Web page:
Since the mid-2000s, clinics are expensive, unproven stem cell treatments for all patients desperate enough to believe their claims for treatment for everything from arthritis to autism. At first these clinics work almost entirely overseas. But for ten years, they have flowered in the United States Regulators without much fight, even though the experimental therapies they use have been linked serious infections, several cases of blindnessand one the patient's death.
But the federal government is no longer on the sidelines. Earlier this month, the US Food and Drug Administration won a landmark lawsuit against American stem cell, a company that runs three large clinics in Florida where at least four patients have been treated would have blinded The decision of injunction On June 3, the agency has the power to prevent the private clinic from injecting patients with a cellular cocktail centrifuged from their own fat liposuccée. This controversial practice is common in clinics across the country. Unless the decision is overturned on appeal, this confirms the FDA's position that anyone who acts in this area is illegally peddling an unapproved drug.
In the past two years, the FDA has intensified the application of these clinics. It has also been a collection of clinics based primarily in California called Cell Surgical Network (this case is ongoing). But he faces a tough battle against the viral marketing tactics that the burgeoning stem cell industry is employing to keep patients flocking in.
"Rather than melting, business is growing – it's the anomaly," says Leigh Turner, a bioethicist at the University of Minnesota, who studies the stem cell industry. In 2016, I calculated that 570 clinics offered untried treatments to stem cells in the United States. In 2018, I reported in a study The number had climbed to 716. Today, Turner is comfortable to say that the United States has crossed the threshold of 1,000 clinics. "Despite the rule changes and public hearings, as well as more inspections, warning letters and lawsuits, the market continues to grow rapidly."
It is possible that there is just one shift; It could take years for these FDA ripples to reach the market. More likely, says Turner, is that there is too much money to be done with too few potential consequences. The FDA can not expect the 1,000 clinics to submit applications and the fines that the agency may charge in the event of non-compliance will likely be quickly recovered by clinics charging between 3,000 and 15 $ 000 per treatment.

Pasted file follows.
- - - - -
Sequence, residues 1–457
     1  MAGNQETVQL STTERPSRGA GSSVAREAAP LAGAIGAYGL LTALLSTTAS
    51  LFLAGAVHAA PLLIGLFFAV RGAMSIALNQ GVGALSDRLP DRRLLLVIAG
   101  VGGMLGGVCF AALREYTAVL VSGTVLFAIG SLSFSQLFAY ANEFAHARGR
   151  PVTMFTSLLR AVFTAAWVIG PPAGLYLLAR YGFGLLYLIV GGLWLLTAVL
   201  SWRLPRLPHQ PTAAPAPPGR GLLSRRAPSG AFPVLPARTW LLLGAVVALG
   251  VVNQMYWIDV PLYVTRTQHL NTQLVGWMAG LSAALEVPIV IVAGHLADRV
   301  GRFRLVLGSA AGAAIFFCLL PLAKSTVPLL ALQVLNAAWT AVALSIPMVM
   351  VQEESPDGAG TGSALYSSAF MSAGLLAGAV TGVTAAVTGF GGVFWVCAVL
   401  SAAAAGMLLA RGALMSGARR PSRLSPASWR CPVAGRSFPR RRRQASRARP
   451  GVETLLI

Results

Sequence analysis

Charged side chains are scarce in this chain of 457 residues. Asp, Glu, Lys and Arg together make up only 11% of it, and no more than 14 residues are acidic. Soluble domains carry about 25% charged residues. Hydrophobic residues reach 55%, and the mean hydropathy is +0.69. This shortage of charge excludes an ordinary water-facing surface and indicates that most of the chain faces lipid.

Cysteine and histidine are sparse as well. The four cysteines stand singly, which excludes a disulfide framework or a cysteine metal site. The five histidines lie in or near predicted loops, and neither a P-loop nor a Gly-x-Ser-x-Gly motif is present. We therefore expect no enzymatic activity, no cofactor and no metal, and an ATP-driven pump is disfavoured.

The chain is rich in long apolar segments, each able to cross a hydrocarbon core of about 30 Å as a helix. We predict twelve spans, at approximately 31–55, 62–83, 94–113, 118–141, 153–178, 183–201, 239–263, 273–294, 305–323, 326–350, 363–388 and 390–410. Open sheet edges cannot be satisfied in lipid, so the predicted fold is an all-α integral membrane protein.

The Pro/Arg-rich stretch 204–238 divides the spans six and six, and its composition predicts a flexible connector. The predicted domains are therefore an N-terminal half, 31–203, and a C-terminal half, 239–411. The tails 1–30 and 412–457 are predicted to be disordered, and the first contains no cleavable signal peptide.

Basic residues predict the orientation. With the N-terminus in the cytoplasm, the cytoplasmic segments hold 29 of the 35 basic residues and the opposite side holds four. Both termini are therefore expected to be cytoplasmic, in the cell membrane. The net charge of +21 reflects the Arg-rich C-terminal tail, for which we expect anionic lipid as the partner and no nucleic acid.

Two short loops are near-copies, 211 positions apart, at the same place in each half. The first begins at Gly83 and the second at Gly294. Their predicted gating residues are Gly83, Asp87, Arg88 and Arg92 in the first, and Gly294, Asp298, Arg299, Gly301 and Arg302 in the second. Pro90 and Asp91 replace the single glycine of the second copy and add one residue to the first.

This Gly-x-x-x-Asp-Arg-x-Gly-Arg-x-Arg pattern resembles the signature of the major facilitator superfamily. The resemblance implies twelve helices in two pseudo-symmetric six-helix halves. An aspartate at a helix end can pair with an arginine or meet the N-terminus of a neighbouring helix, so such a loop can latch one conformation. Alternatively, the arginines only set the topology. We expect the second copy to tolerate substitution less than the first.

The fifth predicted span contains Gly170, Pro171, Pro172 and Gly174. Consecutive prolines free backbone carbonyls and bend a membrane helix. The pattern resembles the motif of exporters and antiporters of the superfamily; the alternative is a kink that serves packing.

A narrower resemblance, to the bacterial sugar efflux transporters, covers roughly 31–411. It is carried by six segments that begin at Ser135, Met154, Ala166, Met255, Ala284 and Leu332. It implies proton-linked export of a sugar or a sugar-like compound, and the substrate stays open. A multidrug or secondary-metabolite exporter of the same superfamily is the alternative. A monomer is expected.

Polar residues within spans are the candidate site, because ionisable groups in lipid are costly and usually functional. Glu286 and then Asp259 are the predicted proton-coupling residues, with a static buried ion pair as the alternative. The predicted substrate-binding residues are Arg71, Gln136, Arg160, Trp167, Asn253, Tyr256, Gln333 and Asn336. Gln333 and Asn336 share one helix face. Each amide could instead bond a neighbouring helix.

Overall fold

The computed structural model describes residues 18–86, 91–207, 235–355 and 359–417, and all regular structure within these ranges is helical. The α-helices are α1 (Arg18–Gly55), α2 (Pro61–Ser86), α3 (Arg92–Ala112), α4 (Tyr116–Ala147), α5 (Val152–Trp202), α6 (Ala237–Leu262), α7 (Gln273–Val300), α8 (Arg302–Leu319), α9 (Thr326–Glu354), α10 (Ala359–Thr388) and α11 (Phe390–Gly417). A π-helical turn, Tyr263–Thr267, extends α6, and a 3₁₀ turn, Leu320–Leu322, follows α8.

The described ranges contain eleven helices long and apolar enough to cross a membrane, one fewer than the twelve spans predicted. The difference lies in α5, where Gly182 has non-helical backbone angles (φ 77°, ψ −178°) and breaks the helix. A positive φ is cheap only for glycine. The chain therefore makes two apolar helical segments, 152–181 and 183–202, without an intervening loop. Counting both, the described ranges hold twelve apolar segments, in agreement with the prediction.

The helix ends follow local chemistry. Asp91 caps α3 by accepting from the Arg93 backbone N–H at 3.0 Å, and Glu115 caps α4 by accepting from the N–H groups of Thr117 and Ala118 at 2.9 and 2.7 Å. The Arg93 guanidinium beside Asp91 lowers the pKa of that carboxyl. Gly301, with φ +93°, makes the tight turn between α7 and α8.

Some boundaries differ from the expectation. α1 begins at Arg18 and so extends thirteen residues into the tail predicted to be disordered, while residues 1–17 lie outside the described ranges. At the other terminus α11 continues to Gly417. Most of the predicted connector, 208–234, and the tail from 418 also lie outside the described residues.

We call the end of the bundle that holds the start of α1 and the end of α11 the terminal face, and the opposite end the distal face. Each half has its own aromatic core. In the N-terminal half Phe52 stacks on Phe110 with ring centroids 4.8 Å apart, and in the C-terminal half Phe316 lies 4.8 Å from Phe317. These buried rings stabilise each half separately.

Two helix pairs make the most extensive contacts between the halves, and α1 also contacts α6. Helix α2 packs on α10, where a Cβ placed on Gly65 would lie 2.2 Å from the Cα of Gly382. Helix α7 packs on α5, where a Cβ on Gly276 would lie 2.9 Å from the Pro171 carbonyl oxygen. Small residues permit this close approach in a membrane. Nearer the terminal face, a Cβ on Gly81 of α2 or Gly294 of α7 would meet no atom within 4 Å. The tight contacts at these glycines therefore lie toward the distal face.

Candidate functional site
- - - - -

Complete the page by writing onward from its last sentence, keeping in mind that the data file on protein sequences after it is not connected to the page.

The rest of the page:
Then there is the ease with which stem cell clinics reach potential patients online. They advertise their treatments directly to customers almost exclusively on the Internet, flooding their search on Google with vague but hopeful promises. Often this is the patient's testimonial video, one of the most effective marketing strategies used by stem cell clinics. You can find them on the websites of clinics, blogs, Facebook groupsand Youtube.
A study of 159 of these videos, published this week in Stem Cell Reports, found that in 95% of cases, patients were praised for the way that stem cells helped them – pain reduction, increased mobility, stopping seizures, recovery in strength and improved vision, between other effects. Only 10% of the videos mention potential risks. On average, the videos attracted an audience of 3,546 views. Most seemed to have a very low budget, but no special effects were required to convey the passion felt by patients. There are patients with multiple sclerosis, 11 of whom have triumphed in front of walkers and parents in tears who can not even tell how happy they are with the results of their children's treatment.
The authors of the study wrote that by producing these extremely personal and emotionally powerful videos and sharing them with potential patients, clinic providers could develop an appealing message and avoid drawing on drawbacks. "Compared to educational videos from reputable scientific organizations, videos presenting patient testimonials will likely have a broader reach and a significant impact on health behavior," they concluded. That's a problem, not because anyone suspects that these patients are lying, they really felt much better after the treatments. But there is no way to know if they are only feeling the placebo effect. Anecdotes invite you to narration, but they are not data.
YouTube itself has left its policy on such ambiguous videos. Under the section Prohibiting videos that make exaggerated or misleading marketing claims, the company gives the example of a "miracle cure that can cure a chronic illness such as cancer". In some testimonial videos commented on by WIRED, patients explicitly cite stem cells as a miracle, while resorting to biblical analogies about Jesus healing the blind. A YouTube representative did not respond to WIRED's inquiries at the time of publication.
To ignore the rules would not be quite wrong for the vast majority of stem cell clinics. At least a dozen and a half have registered Clinical trials "sponsored by the patient", studies that pretend to be legitimate science while charging high fees. Another common strategy for creating a superficial glow of scientific rigor is for patients in stem cell clinics to complete quality of life surveys and publish their findings. pay to publish predatory journals.
That's why, just like Turner, we are only very cautiously optimistic that the latest FDA victory will bring about a long-term change. "It's a significant step and I'm comforted by the fact that people are attentive," he said. "But once the spotlight disappears, the market will still be there, and from what I can tell, the damage that results from it seems to worsen."
More great cable stories
(tagsToTranslate) stem cells (t) health (t) regenerative medicine</pre></pre>